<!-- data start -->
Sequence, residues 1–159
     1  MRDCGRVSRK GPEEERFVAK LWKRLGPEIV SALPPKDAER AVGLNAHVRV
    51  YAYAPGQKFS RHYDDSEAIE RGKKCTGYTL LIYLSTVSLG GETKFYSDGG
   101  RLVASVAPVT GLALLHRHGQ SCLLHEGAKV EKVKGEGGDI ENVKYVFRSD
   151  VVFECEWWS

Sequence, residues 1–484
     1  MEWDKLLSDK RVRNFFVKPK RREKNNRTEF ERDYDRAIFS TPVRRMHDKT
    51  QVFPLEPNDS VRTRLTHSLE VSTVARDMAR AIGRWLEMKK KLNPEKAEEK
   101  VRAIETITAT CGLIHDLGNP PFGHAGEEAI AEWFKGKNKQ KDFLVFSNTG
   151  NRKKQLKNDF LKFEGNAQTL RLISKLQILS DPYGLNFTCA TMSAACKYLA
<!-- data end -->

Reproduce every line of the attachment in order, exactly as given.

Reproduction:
Sequence, residues 1–159
     1  MRDCGRVSRK GPEEERFVAK LWKRLGPEIV SALPPKDAER AVGLNAHVRV
    51  YAYAPGQKFS RHYDDSEAIE RGKKCTGYTL LIYLSTVSLG GETKFYSDGG
   101  RLVASVAPVT GLALLHRHGQ SCLLHEGAKV EKVKGEGGDI ENVKYVFRSD
   151  VVFECEWWS

Sequence, residues 1–484
     1  MEWDKLLSDK RVRNFFVKPK RREKNNRTEF ERDYDRAIFS TPVRRMHDKT
    51  QVFPLEPNDS VRTRLTHSLE VSTVARDMAR AIGRWLEMKK KLNPEKAEEK
   101  VRAIETITAT CGLIHDLGNP PFGHAGEEAI AEWFKGKNKQ KDFLVFSNTG
   151  NRKKQLKNDF LKFEGNAQTL RLISKLQILS DPYGLNFTCA TMSAACKYLA